5. Balor: The Never-Look-Him-in-the-Eye God.

Balor of the Evil Eye, as he was called, was the Celtic god of the underworld and king of the Fomorians, a race of giants whom myth assigned to the Emerald Isle. As the story goes, Balor's mere gaze was enough to kill anyone it fell on (though, he normally kept his eye closed). That, of course, didn't keep him from doing plenty of wrong. Among his more nefarious doings was locking up his daughter Ethlinn in a vain attempt to keep her from having her child, a prophesied savior (Her son, Lugh, eventually became god of the sun and killed Balor by throwing a spear into his eye). Balor was also pretty fond of picking wars in order to use his evil eye. In fact, in one of them, Balor was thrilled to put an end to King Nuada, the Celtic sea god, using just his fearsome gaze.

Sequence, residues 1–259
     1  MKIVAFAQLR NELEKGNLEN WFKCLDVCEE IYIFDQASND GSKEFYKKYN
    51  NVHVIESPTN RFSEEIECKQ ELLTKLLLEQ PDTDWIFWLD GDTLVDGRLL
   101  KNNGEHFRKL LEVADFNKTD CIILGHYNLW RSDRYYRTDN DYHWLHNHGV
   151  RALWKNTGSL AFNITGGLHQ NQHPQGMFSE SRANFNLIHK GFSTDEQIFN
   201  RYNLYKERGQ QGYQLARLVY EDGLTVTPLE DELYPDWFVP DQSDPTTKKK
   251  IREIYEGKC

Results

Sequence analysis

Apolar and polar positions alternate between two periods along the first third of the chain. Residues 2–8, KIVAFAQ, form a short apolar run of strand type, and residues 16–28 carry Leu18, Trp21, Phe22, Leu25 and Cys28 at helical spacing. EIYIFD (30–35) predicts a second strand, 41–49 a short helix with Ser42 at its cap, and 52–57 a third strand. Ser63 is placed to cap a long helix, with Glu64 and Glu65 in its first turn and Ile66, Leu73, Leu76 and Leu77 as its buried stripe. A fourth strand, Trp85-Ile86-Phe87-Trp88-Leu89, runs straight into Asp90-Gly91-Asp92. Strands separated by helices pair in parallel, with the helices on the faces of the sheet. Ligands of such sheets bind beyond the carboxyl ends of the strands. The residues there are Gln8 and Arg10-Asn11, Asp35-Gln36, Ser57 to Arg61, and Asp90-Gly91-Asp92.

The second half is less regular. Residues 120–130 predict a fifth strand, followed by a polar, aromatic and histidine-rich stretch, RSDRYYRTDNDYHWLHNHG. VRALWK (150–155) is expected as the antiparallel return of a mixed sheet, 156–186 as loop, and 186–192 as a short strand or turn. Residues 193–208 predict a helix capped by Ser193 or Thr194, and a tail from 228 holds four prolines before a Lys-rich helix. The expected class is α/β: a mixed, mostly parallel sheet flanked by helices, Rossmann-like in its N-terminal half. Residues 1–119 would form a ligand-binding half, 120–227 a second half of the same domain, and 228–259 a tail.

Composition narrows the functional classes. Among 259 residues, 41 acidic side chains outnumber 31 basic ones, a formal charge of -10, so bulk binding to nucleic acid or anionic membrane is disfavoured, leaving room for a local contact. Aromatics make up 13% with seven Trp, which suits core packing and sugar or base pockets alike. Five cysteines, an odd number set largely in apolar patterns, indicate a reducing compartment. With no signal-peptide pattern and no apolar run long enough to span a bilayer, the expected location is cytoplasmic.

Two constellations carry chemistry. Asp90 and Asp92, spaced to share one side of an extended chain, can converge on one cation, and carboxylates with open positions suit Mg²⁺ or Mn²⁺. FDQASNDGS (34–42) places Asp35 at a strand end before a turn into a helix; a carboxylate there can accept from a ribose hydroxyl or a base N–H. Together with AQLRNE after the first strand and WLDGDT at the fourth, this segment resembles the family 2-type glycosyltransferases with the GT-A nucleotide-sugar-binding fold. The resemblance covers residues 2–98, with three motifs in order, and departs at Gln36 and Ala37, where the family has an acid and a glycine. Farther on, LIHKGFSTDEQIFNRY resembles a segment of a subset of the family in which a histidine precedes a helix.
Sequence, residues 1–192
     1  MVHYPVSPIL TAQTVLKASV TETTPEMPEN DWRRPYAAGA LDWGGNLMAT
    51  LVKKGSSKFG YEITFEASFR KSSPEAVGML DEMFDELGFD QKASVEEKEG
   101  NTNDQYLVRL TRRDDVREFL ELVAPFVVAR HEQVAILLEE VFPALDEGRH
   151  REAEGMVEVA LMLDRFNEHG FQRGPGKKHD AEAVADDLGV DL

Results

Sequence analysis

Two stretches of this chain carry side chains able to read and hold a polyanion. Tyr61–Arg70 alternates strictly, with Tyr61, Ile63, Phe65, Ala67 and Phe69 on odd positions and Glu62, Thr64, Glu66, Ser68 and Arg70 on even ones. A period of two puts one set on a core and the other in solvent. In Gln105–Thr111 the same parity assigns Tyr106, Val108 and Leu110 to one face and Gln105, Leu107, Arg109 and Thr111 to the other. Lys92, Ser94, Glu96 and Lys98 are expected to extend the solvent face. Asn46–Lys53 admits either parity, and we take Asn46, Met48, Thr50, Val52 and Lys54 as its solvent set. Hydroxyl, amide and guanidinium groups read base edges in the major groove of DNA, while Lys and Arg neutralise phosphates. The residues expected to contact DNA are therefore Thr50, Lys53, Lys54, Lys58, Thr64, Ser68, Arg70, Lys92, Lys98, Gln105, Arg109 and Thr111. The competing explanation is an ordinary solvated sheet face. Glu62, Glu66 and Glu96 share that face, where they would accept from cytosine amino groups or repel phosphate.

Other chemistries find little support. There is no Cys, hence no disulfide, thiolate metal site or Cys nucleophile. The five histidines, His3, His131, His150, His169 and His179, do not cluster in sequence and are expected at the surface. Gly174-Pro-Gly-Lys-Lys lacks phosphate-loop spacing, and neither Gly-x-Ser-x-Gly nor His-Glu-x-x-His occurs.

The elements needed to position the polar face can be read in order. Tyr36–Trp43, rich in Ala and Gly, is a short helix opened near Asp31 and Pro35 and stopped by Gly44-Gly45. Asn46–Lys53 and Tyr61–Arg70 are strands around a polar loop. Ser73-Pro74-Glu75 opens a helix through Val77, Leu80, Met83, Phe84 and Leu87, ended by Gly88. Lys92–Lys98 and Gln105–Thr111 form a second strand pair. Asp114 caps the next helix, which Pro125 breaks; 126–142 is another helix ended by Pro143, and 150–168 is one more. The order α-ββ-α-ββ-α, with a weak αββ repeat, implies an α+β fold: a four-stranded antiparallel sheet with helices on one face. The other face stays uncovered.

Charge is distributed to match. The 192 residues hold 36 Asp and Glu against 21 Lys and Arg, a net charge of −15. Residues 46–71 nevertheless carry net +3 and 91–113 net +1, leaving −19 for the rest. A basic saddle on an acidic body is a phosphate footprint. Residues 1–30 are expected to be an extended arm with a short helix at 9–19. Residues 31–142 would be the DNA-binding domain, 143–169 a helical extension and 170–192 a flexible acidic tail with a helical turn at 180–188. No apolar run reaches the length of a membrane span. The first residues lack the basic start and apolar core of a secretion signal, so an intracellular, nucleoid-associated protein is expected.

From mental_floss' book Forbidden Knowledge: A Wickedly Smart Guide to History's Naughtiest Bits, published in Neatorama with permission.

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There is also a connection between Thor and Santa Clause. Thor dressed in red, flew thew through the air on a chariot (although pulled by goats, not reindeer), element was fire, came through the fireplace and a lover of kids. Why Santa Clause doesn't carry a war hammer? I really don't know!
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Just dont talk about Egyptians gods...